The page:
Sunday, July 12, 2009

Life In the Universe: My Own Amateur Calculations (Part 3)

In the last post, we delved into the basics of star formation as it pertains to the potential for complex life to develop on an Earth-massed planet orbiting with that star’s habitable zone. We also explored the difference between low massed main sequence stars (red) and the corresponding high massed ones (blue). I already implied the advantages of low-massed stars vis-à-vis high-massed ones concerning the presence of complex life and highly developed ecosystems. Now we look more in-depth at the pros and cons of each:



Enormously Long Expected Lifetimes. This is their biggest advantage. Simply put, longer lifetimes on the main sequence allow more time for life to form and develop; thereby increasing the odds of life actually existing around such stars – whether at present or in the future (particularly complex life). Life on Earth started around 4 billion years ago, shortly after our planet finished forming. Yet, only in the past half-billion years has surface-dwelling animal life existed on our planet – barely more than 10% of our planet’s existence!

As for species even potentially capable of developing technology Homo Sapiens Sapiens emerged only 200,000 or so years ago (the last 1/22,500 of Earth’s existence). Compare that to how long Television existed!!! Now you should appreciate how tiny a fraction of a planet’s lifetime is occupied by technically advanced lifeforms and therefore also appreciate the value of a long-lived star for increasing the probability life will arise on a planet around it.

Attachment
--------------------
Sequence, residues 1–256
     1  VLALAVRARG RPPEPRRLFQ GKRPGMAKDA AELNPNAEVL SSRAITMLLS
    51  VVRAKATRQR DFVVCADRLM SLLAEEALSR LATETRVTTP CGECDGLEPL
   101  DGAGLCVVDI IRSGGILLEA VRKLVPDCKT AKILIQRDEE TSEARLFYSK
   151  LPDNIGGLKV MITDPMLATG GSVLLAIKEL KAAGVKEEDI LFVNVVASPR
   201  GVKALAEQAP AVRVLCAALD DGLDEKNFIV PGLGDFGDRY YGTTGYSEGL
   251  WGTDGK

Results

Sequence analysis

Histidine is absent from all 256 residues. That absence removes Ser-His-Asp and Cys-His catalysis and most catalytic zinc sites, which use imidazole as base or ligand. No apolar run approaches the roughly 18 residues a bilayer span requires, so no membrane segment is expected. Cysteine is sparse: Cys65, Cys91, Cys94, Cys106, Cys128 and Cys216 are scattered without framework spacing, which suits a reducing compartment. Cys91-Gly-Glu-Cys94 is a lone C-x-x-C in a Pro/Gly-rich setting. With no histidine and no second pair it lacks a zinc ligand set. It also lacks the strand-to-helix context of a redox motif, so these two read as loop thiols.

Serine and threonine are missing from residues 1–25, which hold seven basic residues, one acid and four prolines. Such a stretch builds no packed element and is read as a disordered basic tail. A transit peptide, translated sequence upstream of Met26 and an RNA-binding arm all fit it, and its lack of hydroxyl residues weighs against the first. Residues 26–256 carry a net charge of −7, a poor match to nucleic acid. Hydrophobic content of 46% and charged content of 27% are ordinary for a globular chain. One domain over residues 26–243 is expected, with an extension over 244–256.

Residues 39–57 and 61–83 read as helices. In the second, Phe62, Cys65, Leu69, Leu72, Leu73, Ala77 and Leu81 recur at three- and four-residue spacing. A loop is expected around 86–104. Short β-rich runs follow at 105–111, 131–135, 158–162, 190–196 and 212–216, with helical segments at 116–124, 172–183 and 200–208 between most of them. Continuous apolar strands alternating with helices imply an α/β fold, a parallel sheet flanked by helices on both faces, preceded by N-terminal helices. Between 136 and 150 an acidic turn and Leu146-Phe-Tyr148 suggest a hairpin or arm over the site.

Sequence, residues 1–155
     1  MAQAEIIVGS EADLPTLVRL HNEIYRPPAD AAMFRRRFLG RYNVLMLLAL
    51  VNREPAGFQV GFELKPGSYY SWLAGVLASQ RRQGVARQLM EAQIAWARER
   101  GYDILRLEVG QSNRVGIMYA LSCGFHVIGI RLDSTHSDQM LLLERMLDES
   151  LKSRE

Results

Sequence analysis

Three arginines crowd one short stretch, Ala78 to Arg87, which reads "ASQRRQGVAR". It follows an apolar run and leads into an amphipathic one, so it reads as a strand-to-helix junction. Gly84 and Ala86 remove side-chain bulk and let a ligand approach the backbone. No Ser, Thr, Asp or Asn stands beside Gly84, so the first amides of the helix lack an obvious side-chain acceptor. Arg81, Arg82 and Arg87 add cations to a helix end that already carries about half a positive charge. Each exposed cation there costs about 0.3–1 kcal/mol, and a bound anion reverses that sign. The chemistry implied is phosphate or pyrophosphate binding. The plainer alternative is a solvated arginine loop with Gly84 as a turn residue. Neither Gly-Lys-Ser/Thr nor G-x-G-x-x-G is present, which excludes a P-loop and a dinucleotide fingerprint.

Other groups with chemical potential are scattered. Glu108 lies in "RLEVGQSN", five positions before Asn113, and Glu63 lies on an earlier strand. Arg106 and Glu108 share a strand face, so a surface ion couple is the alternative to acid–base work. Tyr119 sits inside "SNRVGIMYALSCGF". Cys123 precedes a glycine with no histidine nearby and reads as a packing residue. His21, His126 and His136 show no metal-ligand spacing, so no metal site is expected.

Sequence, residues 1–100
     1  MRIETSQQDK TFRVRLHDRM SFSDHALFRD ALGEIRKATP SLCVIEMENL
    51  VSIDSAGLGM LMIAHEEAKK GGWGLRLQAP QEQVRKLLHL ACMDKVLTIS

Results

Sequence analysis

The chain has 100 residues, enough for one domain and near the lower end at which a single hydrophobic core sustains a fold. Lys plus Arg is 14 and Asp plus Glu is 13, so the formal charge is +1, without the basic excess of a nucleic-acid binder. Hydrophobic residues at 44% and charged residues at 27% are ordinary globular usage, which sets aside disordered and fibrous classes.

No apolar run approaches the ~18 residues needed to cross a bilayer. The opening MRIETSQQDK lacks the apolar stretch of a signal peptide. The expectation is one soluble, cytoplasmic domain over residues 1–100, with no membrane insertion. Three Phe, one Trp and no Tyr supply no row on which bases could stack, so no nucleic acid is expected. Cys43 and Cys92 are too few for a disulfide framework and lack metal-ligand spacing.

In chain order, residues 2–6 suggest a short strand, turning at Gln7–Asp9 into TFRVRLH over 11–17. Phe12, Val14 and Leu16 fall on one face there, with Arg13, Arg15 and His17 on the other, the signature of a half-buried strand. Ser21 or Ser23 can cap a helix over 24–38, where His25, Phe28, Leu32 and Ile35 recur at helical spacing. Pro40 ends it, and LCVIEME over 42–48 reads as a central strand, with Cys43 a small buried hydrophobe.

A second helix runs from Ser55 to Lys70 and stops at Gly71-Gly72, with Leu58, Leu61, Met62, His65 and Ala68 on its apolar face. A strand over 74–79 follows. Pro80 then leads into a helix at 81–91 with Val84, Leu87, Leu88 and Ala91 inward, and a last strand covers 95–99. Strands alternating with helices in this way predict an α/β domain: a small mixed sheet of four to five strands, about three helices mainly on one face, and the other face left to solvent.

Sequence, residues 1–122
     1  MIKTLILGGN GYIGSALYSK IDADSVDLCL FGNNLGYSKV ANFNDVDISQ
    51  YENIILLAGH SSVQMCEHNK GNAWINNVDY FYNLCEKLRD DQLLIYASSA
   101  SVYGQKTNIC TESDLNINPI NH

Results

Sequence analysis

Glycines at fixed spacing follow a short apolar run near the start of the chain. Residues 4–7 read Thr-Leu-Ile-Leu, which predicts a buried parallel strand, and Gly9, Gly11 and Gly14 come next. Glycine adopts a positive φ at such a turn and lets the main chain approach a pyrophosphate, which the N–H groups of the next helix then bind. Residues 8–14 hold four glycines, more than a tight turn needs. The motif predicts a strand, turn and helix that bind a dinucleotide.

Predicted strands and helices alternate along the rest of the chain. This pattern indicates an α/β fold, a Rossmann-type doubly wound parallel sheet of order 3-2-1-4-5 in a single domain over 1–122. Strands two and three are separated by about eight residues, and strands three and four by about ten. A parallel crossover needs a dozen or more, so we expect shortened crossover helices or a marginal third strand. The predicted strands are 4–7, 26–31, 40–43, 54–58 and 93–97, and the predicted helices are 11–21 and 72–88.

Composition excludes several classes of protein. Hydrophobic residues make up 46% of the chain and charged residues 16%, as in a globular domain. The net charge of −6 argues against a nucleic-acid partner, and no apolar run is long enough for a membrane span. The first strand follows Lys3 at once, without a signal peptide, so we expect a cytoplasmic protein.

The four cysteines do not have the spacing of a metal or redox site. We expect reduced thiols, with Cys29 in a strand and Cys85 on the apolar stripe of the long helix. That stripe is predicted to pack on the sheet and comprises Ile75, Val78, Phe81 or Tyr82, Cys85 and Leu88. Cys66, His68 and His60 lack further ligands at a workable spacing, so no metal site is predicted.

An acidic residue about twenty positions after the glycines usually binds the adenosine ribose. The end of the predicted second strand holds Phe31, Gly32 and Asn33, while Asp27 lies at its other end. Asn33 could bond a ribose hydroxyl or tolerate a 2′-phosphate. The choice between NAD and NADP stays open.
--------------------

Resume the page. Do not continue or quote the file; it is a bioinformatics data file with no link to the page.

Low radiation output,providing that red star has no more tendency to flare or suddenly vary in brightness as our sun(which unfortunately is not the case for many red stars, as explained next). If the red star is neither prone to flare NOR suddenly brightens at random or even frequent regular intervals (what astronomers call Variable Star), then life has all but infinitely better odds of surviving and thriving around such a red star – all other things being equal.


Tendency to Flare or Vary in Brightness Suddenly. Still, red stars have their share of disadvantages, especially the lower massed red ones. As mentioned above, even if their radiation output is much less than larger and hotter stars, many red stars still tend to flare periodically (i.e. send jets or erupting gases, which emit high levels of radiation, heat, and light). In short, the smaller the star stars, the more likely they are to vary greatly in brightness. Clearly, any otherwise potentially life-friendly planet orbiting it will face irradiation and sudden increases in temperature, potentially killing what life evolved so far (and perhaps boiling off its oceans as well).

Narrower Habitable Zone. Just as small campfires on a cold night can’t provide nearly as wide a comfort zone as a large bonfire, so a cooler star can’t provides as much area suitable for life and/or liquid water that a hot star can (and light and radiation in general, too, for that matter). In other words the cooler the star, the narrower the life zone. For small stars, this significantly lowers the probability that a planet of any sort will be in the habitable zone. In our solar system, our habitable zone for an planet just like Earth ranges from just inside our orbit to near Mars’ orbit (more specifically from 0.95 to 1.4 Astronomical Units, where 1 AU = Earth to sun distance). For small stars, the problem is potentially even worse; which brings us to the next disadvantage of small red stars.